Once upon a time — in 1939 to be exact — the world of tomorrow was unveiled in New York. Spread over 1200 acres, the New York World’s Fair radiated outwards from the Trylon and Perisphere, sparkling white icons that promised a bright future. Over 44 million people attended the fair during its two season run.
Imagine how those visitors felt walking through streets of wonder that ranged from art treasures to new inventions to spectacular shows like the Billy Rose Aquacade, starring Olympic gold medalist Johnny Weissmuller of Tarzan fame. A country just beginning to emerge from the Great Depression was introduced to television, air conditioning, milking machines, View-Master slides and Smell-O-Vision, a technology that the world has yet to embrace.
General Motors wowed the crowds with Futurama, a ride through a city of tomorrow, complete with miniature highways, towns, and vehicles, including a half million homes and a million tiny trees of different species. At the ride’s conclusion, each passenger received a small blue and white button that read, “I have seen the future.”
Of course, 75 years later we know that 1939 also saw the start of World War II in Europe, but that dark shadow is not apparent in this accordion-fold postcard from the fair. Instead, it spills out a host of modern buildings in pristine settings, the inside flap proclaiming, “… it contains a promise for the Future built with the tools of Today upon the experience of Yesterday.” They knew how to cover their bases!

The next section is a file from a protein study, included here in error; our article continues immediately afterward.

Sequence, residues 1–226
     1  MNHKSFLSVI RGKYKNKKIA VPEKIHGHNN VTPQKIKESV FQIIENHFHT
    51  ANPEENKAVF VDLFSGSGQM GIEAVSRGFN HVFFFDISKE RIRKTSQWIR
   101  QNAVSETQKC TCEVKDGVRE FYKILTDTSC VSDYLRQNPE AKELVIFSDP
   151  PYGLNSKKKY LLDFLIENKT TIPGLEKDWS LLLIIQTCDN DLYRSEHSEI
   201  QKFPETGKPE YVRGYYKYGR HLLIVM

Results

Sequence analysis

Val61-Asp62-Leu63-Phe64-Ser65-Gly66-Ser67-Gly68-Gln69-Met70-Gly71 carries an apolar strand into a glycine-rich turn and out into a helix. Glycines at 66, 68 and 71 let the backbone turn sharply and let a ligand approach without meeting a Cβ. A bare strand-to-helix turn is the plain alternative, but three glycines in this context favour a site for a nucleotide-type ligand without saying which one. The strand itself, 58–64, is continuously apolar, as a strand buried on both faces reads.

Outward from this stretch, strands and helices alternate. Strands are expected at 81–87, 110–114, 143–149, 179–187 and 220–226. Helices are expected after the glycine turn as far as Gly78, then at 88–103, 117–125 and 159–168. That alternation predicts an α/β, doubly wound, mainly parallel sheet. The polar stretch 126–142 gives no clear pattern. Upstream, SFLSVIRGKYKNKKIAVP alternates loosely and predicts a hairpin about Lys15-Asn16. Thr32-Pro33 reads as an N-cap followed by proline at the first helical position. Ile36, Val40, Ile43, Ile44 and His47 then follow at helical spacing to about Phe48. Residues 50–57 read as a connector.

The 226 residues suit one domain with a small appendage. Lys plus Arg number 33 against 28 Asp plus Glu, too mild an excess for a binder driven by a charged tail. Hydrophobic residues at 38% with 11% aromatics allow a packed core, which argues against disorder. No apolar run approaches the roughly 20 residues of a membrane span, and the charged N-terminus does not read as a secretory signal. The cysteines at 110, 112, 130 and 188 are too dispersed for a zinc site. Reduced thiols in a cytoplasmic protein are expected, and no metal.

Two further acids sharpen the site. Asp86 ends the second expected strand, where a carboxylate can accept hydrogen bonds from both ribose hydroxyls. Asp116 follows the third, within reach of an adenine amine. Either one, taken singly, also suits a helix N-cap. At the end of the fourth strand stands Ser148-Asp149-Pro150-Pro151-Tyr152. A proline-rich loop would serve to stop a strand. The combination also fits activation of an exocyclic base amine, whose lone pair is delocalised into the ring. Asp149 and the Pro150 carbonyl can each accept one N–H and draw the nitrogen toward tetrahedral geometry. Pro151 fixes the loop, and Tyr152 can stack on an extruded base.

The postcard folder is unused — no writing, stamp or postmark. Did the fair-goer who purchased it intend to send it to someone, but became too tired at the end of the day to address and mail it? Or perhaps a visitor bought it as a souvenir, to be able to relive a once-in-a-lifetime journey to tomorrow.
Whatever its intended fate, I have the folder now, a vibrant vision from the past of what someone imagined might be my present.